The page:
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Discriminated against for being German


Applying for American citizenship
Ernst Mayr Scientist
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It so happens that my coming to America, particularly when looked at from much later times like now, seemed to coincide with the political situation in Germany. However, as I've often emphasized I got my offer in October 1930, and I came in January 1931 at a time when the Weimar Republic was still in power in Germany, and my coming had absolutely nothing to do with Hitler or the Nazis. Nor do I have any Jewish ancestors. Quite a few people think, well, he came to America, he's… he's probably part… part Jewish. Well, it so happens, I'm not. Not that I'm particularly proud of that but it simply is a fact. Well, when I got finally this very good offer from the American Museum [of Natural History] to become curator of the Whitney-Rothschild collection, naturally I accepted it. But my wife was German too, and we felt at that time, we still had a lot of the German ideas and ideals and culture and so forth, and we… have a saying that one doesn't change citizenship as one changes a shirt, and I was particularly, in a way, annoyed by all my British friends in the United States, none of whom ever bothered to become an American citizen. They said our British citizenship is good enough. I will stay… British. And I said, well, German citizenship is good enough too. Why should I change? Well, I did take out the first papers, and I said, well, if necessary, in due time I will probably feel American enough and I'll take out the second papers. Then when the situation became politically more difficult, Hitler marching into Poland or whatever it was, or… I applied for citizenship. I said, well, now is the time to become a citizen. Well, while it was being processed, America declared war on Germany and all naturalization proceeding were immediately stopped, so I was an enemy alien… legally, in America. And nothing particular happened for a long time, but one day about half a year later in the summer, a group of FBI [Federal Bureau of Investigation] agents came into our house and searched our house for, I guess, subversive literature or God knows what, and all we had as enemy aliens, we had to give away our… my… my bird gun I had to… to give to the police and… and our short wave radio and so forth. But anyhow the FBI came and of course they found… I never, for instance, I never read Hitler's Mein Kampf which they expected that every German would have had read. And, however, they… according to an order by the Attorney General or whatnot, as enemy aliens we had to be fingerprinted, we had to be photographed en face and from the side, and we were formally, I think, arrested and then released again. And if we hadn't had our two American-born daughters who were American citizens that way, I think we probably would have been among the many Germans that were at that time sent to concentration camps. However, we had a lot of trouble all through the war. My wife was not permitted to leave the little town of Tenafly without a permission from the Attorney General in Trenton, New Jersey.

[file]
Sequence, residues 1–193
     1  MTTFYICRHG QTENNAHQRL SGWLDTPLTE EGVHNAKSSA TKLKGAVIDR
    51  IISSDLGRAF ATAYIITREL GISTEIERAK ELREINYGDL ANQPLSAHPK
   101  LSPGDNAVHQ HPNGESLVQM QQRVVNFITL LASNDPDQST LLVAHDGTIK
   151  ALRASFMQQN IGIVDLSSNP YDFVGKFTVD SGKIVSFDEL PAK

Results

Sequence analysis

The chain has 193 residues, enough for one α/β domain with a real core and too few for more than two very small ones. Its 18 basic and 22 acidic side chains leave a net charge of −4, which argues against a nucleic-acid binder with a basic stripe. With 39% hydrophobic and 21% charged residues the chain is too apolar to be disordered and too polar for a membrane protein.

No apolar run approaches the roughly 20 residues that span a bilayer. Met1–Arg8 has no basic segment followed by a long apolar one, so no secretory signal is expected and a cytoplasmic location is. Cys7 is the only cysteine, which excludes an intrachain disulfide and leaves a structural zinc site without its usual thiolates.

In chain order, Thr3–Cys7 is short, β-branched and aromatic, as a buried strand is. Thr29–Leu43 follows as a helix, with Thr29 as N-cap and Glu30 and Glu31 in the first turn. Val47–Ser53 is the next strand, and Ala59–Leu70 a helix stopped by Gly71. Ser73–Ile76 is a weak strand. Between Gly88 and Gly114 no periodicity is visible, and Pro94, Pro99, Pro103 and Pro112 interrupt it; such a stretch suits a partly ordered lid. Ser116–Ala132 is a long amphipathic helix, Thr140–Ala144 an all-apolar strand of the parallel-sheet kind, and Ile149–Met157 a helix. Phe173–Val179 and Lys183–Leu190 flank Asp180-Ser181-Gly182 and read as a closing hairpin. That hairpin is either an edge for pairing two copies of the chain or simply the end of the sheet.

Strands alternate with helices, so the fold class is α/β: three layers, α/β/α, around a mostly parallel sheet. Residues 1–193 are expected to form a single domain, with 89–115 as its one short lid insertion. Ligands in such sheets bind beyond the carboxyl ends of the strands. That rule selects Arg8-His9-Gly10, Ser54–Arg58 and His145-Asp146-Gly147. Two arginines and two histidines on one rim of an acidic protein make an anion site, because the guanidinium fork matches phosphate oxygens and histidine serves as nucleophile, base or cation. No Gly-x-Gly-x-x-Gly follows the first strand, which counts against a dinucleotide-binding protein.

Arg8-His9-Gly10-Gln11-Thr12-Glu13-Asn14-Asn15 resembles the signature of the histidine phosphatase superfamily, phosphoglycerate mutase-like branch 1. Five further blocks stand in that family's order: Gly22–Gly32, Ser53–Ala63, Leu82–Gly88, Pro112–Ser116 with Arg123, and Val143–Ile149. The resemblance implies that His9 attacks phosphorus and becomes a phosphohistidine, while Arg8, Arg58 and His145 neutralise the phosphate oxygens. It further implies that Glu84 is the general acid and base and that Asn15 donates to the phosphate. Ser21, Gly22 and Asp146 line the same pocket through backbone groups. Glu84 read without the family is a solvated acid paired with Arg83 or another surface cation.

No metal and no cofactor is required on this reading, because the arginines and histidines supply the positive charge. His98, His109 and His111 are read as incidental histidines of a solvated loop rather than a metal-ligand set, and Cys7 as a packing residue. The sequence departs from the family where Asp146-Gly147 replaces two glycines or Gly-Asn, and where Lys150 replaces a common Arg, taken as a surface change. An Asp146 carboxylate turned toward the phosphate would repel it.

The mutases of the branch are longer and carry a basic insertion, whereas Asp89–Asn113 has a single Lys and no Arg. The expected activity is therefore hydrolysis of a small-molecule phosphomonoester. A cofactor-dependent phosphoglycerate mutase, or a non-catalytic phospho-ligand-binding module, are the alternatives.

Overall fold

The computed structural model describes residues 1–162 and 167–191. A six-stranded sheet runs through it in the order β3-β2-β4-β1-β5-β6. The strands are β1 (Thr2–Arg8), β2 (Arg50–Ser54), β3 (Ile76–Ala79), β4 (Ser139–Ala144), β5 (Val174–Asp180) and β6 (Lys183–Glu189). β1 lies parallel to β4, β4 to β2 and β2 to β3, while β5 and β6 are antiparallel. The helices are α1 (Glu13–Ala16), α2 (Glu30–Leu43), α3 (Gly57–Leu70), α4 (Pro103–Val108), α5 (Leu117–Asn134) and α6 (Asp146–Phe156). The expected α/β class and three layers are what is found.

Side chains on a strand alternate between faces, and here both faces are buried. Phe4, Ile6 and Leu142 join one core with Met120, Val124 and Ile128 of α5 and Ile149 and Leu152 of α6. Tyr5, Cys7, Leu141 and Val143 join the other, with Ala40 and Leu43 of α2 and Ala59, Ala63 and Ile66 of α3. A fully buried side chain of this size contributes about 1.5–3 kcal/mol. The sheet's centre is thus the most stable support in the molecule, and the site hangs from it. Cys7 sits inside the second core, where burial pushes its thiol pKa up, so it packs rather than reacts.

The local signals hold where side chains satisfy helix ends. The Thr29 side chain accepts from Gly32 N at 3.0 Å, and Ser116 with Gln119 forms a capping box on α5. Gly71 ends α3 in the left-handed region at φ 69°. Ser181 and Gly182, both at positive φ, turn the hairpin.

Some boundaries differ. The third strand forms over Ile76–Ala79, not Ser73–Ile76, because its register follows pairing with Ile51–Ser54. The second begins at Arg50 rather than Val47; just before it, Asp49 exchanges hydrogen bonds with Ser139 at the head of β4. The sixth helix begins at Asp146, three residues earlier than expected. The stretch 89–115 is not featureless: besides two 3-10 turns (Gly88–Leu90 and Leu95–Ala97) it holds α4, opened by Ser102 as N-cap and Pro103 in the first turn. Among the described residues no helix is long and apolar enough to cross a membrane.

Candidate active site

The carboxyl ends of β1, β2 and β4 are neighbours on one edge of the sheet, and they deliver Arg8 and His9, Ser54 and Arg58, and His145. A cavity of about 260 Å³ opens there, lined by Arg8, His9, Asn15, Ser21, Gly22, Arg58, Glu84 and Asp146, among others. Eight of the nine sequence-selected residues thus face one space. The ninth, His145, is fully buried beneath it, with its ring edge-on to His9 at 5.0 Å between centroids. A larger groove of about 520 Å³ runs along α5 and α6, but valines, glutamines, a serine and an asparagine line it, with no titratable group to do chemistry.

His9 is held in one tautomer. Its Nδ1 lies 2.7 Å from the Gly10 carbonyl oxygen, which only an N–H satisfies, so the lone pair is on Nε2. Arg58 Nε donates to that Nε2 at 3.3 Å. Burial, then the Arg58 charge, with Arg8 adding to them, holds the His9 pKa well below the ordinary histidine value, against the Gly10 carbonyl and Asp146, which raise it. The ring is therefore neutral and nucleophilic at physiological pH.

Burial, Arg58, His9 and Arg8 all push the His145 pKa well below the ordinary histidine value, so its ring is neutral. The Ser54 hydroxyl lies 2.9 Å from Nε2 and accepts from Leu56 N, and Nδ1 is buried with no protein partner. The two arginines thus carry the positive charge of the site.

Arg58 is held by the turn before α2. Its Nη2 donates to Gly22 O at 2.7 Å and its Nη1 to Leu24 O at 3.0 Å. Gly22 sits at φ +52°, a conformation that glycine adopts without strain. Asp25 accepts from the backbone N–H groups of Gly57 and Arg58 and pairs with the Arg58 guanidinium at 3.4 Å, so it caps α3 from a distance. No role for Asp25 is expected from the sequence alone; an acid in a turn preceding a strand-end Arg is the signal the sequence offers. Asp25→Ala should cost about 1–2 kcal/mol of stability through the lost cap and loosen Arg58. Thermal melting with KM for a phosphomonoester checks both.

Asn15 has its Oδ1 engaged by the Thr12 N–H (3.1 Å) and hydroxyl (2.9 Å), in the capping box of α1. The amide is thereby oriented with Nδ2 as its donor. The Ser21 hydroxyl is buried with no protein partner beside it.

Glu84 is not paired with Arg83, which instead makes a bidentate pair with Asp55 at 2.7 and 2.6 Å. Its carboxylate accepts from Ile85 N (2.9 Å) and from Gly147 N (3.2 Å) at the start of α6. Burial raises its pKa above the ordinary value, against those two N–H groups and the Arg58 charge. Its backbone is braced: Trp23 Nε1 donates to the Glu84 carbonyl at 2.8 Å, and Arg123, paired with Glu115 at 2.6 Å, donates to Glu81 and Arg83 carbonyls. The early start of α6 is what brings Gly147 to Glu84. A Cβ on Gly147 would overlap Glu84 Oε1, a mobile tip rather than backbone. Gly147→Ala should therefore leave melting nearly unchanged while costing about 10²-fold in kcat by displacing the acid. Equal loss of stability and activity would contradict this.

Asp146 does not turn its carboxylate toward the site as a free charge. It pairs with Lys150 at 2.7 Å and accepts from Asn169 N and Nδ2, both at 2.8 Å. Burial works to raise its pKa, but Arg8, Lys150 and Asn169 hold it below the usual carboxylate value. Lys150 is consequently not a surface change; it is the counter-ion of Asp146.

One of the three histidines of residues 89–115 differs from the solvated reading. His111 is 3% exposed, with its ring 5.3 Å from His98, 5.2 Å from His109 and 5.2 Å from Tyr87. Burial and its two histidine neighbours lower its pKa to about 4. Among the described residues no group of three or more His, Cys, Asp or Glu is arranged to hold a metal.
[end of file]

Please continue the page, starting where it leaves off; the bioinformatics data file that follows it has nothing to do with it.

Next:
The late German-American biologist Ernst Mayr (1904-2005) was a leading light in the field of evolutionary biology, gaining a PhD at the age of 21. He was also a tropical explorer and ornithologist who undertook an expedition to New Guinea and collected several thousand bird skins. In 1931 he accepted a curatorial position at the American Museum of Natural History. During his time at the museum, aged 37, he published his seminal work 'Systematics and Origin of the Species' which integrated the theories of Darwin and Mendel and is considered one of his greatest works.

Listeners: Walter J. Bock

Walter J. Bock is Professor of Evolutionary Biology at Columbia University. He received his B.Sc. from Cornell and his M.A. and Ph.D. from Harvard. His research lies in the areas of organismal and evolutionary biology, with a special emphasis on functional and evolutionary morphology of the skeleto-muscular system, specifically the feeding apparatus of birds.

Tags: America, Germany, 10-1930, 01-1931, Weimar Republic, Nazi Party, American Museum of Natural History, Whitney-Rothschild Collection, United States of America, Poland, Federal Bureau of Investigation, Mein Kampf, World War II, Tenafly, Trenton, New Jersey, Adolf Hitler

Duration: 4 minutes, 7 seconds

Date story recorded: October 1997

Date story went live: 24 January 2008